A former CIA officer says it’s time for the Obama administration to stop turning a blind eye to atrocities in the Middle East.
Emile Nakhleh, last updated: November 08, 2012
Inter Press Service
Several critical issues of unfinished business in the Middle East face President Barack Obama as he begins his second term. Washington must become more engaged come January because these issues will directly impact regional stability and security and U.S. interests and personnel in the region.
The issues include the Syrian uprising and increasing atrocities by extremist elements within the uprising, the Arab Spring and the future of democratic transitions, the growing influence of radical Salafi “jihadism” across the Arab world, Bahrain, the Israeli-Palestinian conflict, Iran, Pakistan, and Guantanamo and global terrorism.
The Obama administration’s engagement in these issues in the past year has been marginal and uneven, influenced largely by domestic politics and to some degree the ghost of Libya. Washington’s public support for democracy following the start of the Arab Spring was welcomed in the region, especially as dictators in Tunisia and Egypt fell precipitously.
The U.S. image became more tarnished, however, as repression escalated in Bahrain against the Shia majority and as Assad’s killing machine became more vicious, and Syria descended into a civil war.
Washington’s benign response to repression and torture in Bahrain, according to advocates of this policy, is justified by the presence of the U.S. Fifth Fleet and the special relationship with Saudi Arabia. Yet, the U.S. and its Western allies have not used their significant leverage in either country to advance democracy. Nor has the Fleet deterred the Al Khalifa regime from repressing the pro-democracy movement.
The ghost of Libya and the U.S. presidential election also drove Obama’s hesitancy to act against the Syrian dictator. During the foreign policy presidential debate before the U.S. elections, President Obama and Governor Mitt Romneyargued lamely that Syria was different from Libya, and therefore the U.S. military even under the NATO umbrella should not be used against Assad.
The fate of emerging Arab democracies and the legitimate aspirations of millions of Arab youth, which the U.S. and many countries worldwide have endorsed, should not be held hostage to political expediency or become a casualty of electoral politics.
U.S. prestige and Obama’s credibility at home and abroad will be tested by whether Washington stands with the peoples of the region against their entrenched dictators, regardless of the so-called Libyan model. Calls for justice and dignity in the Arab uprisings signaled a historic moment that resonated across the globe. The U.S. should embrace this moment and place itself on the right side of history.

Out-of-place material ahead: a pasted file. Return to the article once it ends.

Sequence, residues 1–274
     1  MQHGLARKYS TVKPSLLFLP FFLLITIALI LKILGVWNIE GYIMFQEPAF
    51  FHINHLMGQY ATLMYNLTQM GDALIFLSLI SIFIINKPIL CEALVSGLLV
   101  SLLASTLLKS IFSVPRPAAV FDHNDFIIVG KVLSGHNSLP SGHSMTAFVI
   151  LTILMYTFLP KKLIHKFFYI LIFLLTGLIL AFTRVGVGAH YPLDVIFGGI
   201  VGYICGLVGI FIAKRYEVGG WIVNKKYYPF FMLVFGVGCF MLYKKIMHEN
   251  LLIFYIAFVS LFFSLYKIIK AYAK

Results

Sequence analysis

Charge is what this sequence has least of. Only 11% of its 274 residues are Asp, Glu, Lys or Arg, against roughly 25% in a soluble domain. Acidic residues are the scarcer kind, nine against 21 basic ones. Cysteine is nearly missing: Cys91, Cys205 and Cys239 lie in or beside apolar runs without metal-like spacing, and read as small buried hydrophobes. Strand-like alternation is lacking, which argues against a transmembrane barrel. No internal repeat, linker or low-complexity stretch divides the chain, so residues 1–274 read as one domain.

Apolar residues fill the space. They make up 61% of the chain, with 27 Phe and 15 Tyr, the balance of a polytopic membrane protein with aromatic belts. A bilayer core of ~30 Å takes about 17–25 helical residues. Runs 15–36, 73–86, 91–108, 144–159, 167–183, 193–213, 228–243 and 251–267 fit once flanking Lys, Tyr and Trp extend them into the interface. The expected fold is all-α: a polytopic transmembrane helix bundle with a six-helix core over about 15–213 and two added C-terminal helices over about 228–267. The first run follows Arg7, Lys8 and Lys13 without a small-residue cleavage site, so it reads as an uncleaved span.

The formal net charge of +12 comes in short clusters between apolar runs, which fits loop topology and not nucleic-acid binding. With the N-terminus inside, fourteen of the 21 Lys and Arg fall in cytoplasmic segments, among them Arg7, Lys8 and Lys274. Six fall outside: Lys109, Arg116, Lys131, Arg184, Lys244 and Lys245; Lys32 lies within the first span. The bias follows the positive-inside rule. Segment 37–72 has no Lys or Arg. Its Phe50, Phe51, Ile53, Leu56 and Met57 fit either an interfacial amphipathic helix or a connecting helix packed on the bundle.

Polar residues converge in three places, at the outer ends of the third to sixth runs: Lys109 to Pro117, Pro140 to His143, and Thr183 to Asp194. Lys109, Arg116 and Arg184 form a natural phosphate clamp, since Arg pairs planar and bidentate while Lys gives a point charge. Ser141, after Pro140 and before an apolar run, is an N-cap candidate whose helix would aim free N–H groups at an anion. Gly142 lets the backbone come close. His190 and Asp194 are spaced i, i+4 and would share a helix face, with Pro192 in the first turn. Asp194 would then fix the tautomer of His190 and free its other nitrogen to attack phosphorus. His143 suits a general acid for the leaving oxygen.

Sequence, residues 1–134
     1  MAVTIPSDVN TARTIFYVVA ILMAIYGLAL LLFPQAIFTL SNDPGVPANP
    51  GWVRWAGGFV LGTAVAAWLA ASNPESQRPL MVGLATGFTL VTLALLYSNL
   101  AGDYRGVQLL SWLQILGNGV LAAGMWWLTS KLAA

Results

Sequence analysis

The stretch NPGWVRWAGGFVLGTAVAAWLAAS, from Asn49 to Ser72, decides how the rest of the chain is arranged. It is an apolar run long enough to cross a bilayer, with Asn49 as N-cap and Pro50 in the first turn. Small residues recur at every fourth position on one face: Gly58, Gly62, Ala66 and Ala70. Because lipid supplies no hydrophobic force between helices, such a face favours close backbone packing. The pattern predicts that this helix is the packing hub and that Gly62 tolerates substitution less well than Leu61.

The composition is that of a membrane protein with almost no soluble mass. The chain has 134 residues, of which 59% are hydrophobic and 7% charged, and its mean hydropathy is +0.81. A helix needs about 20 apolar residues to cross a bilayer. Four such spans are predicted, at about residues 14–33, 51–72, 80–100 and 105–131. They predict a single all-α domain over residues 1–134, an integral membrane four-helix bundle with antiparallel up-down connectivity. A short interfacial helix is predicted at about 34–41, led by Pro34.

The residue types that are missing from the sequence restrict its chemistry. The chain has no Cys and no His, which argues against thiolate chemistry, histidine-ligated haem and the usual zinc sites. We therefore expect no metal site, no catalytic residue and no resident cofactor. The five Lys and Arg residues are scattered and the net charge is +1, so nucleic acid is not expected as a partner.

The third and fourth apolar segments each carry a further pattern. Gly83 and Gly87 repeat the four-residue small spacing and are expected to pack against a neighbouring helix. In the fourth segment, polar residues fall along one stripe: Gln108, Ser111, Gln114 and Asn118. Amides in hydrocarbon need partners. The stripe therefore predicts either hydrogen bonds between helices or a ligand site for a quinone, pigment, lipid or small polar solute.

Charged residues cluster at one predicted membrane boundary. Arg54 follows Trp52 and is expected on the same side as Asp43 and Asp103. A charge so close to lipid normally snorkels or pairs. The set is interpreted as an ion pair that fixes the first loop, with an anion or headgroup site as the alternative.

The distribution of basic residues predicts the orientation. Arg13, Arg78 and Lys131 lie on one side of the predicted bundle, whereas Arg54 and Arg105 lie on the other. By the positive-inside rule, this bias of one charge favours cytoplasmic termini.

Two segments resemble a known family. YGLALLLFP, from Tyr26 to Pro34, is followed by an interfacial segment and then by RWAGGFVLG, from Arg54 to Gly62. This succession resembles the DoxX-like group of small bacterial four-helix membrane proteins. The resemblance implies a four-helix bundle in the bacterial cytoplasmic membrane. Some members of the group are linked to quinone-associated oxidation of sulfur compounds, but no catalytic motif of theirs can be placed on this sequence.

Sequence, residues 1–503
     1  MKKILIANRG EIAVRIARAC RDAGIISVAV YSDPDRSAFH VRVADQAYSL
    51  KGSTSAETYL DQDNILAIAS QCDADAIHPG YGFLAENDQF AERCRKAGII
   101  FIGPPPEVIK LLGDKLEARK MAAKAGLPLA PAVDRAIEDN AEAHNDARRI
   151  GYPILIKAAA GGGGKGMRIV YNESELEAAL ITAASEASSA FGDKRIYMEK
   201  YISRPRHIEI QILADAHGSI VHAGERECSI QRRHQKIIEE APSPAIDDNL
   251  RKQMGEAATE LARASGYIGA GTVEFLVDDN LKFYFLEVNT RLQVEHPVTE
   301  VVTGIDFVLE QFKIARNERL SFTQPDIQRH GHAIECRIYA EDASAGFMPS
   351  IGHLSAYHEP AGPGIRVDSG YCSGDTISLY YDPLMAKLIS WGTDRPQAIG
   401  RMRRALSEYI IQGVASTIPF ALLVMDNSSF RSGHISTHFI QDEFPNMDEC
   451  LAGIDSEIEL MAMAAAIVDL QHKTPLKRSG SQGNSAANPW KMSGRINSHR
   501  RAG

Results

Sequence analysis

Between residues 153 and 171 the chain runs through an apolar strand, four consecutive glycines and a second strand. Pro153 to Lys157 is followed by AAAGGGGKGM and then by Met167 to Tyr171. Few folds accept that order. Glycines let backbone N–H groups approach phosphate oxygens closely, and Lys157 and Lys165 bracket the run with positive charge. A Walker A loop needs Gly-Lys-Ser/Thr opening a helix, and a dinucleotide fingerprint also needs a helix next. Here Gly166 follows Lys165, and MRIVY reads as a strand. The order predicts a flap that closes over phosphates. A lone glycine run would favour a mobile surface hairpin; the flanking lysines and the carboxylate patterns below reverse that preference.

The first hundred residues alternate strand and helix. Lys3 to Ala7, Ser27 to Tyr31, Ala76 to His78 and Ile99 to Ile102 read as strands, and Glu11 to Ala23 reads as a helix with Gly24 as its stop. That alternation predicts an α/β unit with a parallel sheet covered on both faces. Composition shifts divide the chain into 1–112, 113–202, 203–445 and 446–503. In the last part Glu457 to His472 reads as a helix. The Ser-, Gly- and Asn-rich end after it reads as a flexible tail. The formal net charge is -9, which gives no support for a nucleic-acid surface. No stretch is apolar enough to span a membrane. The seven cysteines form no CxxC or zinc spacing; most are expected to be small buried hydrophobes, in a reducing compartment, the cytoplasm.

President Obama was hailed across the Arab Muslim world in June 2009 when he called for engaging credible indigenous communities on the basis of common interests and mutual respect. A retreat from those ideals would be disastrous for the U.S. and its allies, especially as regime remnants and radical Salafis endeavour to derail the democratic process.
An autocratic tribal ruler in Manama, who has just revoked the citizenship of 31 Bahraini nationals, or a brutal dictator in Damascus should not turn the clock back on the moral inroads that Washington made in the region in the post-Bush era.
The unfolding of events at a dizzying speed and increasing threats to U.S. interests and personnel demand serious attempts to address theses critical issues. In his second-term, President Obama cannot remain oblivious to rising sectarianism, growing Salafi extremism, continued repression, and suppression of minorities and women.
On day one after taking office, the president must turn his full attention to Syria.
Assad must be forced out, and soon. Over 25,000 Syrians have been killed since the uprising began in early 2011, and equal numbers have been “disappeared” by the regime. Hundreds of thousands have become refugees. Atrocities committed by the regime and by some of the rebels are inflicting untold suffering on innocent civilians in Syria.
The Syrian uprising, like those in Egypt, Tunisia, and Libya, started peacefully. Regime intransigence and repression, however, forced the uprising to become violent. Lawlessness and the porous borders have opened Syria to radical “jihadists” from neighbouring Arab countries.
Whereas, the uprising was initially non-ideological and non-religious, the incoming “jihadists” are Sunni Salafis bent on fighting a religious war against an “infidel” dictator. These “jihadists” have exploited the factionalism of the opposition for their intolerant religious extremism.
They also gained acceptance by the poorly armed rebels because they brought in weapons and money from Saudi Arabia, Qatar, and elsewhere. The rise of violent “jihadism” in Syria had been a direct consequence of continued regime intransigence.
A prolonged proxy war between Iran, which supports Assad, and Saudi Arabia, which supports the uprising, over Syria and a resurgent radical Salafi “jihad” within the insurgency cannot be good for regional stability and for the international community.
How to speed up Assad’s exit? Short of putting boots on the ground, Washington and its NATO allies, especially the UK, France, and Turkey, should declare a no-fly zone and provide the Free Syrian Army with adequate anti-tank and anti-aircraft weapons to fight the regime’s military machine. NATO should seek the consent of Arab and Asian countries for the Syria initiative, including patrolling the no-fly zone.
Media reports reveal that Turkey, with U.S. approval, has deployed Patriot missiles close to the Syrian border. This action seems to signal Turkey’s intention to create and possibly defend a no-fly zone. President Obama and other NATO leaders should vigorously push this action forward.
Syrian refugees cannot spend another winter in tents and under intolerable conditions.